There is need to urgently address this global threat as Dr Poonam Khetrapal ,Regional Director WHO South-East Asia Region said.

“ Immediate action is needed to stop the world from heading towards pre-antibiotic era in which all achievements made in prevention and control of communicable diseases will be reversed. Common infections and minor injuries which have been treatable for decades may once again kill millions. Resistance to antibiotics will make complex surgeries and management of several chronic illnesses like cancer, extremely difficult,”he said.

Currently, at least 700 000 people die every year due to drug-resistance diseases. A study projected that if inadequate action is taken antimicrobial resistance deaths could rise to 10 million by 2050 and by 2030, antimicrobial resistance could plunge 24 million people into extreme poverty. Antimicrobial Resistance lengthen hospital stay hence more specialized and expensive care is needed and more expensive drugs are needed. Estimates from India state that the cost for treating a resistant bacterial infection is more than a years’ income for a rural worker. Resistance has an impact on the economy. According to the World Bank, inaction on antimicrobial resistance could cause a fall in Gross Domestic Product of between 1.1 % and 3.8 % by 2050.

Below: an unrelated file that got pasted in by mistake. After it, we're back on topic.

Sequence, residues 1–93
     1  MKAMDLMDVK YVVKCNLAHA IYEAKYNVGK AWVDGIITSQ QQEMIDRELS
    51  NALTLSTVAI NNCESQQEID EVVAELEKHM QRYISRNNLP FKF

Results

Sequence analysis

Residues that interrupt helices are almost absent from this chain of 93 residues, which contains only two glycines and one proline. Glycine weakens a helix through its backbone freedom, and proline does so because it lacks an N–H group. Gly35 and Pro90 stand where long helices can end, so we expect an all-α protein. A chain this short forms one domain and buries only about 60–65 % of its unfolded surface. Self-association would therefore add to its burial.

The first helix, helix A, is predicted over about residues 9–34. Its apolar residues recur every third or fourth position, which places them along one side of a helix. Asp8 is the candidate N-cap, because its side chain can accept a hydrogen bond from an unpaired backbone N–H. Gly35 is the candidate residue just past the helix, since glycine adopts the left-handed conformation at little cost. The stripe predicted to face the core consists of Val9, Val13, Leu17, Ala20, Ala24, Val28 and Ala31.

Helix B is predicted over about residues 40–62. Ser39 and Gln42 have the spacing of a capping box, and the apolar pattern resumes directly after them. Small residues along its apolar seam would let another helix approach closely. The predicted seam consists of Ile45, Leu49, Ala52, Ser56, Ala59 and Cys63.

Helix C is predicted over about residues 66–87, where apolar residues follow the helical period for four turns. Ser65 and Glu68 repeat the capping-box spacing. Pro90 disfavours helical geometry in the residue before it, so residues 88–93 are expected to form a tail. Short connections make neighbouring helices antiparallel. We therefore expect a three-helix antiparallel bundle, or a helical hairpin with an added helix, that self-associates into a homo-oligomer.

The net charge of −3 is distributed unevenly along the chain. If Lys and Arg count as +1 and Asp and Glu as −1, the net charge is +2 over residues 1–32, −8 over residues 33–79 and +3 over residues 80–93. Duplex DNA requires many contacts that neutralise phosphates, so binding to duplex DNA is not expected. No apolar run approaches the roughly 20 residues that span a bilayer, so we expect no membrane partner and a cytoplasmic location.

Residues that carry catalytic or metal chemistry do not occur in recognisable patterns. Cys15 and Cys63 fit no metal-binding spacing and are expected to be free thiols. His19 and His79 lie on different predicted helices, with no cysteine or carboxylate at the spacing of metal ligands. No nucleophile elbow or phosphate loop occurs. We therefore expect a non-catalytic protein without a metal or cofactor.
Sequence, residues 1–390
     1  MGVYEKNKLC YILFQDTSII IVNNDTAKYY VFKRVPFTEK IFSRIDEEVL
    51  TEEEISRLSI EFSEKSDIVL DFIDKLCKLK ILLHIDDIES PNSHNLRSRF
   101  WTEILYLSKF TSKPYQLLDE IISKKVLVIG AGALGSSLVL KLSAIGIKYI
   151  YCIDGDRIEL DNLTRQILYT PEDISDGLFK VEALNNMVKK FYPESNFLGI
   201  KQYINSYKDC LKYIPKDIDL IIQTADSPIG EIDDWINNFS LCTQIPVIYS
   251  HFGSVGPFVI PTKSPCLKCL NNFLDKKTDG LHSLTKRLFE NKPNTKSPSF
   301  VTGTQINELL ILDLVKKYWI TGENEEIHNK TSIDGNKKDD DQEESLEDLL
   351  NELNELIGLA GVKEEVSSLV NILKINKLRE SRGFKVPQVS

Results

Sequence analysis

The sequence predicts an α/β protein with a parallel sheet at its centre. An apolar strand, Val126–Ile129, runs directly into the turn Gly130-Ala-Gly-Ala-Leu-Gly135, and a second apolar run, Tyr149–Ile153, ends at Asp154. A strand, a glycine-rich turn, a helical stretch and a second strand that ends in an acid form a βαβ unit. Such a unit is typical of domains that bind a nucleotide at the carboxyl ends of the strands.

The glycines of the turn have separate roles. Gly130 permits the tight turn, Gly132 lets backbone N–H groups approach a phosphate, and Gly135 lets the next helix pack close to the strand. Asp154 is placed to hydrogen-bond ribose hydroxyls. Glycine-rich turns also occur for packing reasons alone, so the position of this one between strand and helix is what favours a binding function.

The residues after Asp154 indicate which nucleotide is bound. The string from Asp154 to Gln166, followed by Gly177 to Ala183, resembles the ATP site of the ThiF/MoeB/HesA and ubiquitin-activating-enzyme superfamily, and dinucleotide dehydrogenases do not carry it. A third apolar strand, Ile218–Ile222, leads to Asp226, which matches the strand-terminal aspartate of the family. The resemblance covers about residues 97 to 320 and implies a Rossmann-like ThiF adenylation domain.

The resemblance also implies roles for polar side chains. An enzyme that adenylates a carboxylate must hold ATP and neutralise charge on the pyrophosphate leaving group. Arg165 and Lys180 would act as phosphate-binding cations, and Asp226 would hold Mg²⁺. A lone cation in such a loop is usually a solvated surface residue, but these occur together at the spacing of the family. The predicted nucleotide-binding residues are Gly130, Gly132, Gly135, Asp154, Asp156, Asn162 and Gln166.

Therefore what can we do to curb antimicrobial resistance?
To prevent and control the spread of antibiotic resistance, individuals can:

  • Only use antibiotics when prescribed by a certified health professional.
  • Never demand antibiotics if your health worker says you don’t need them.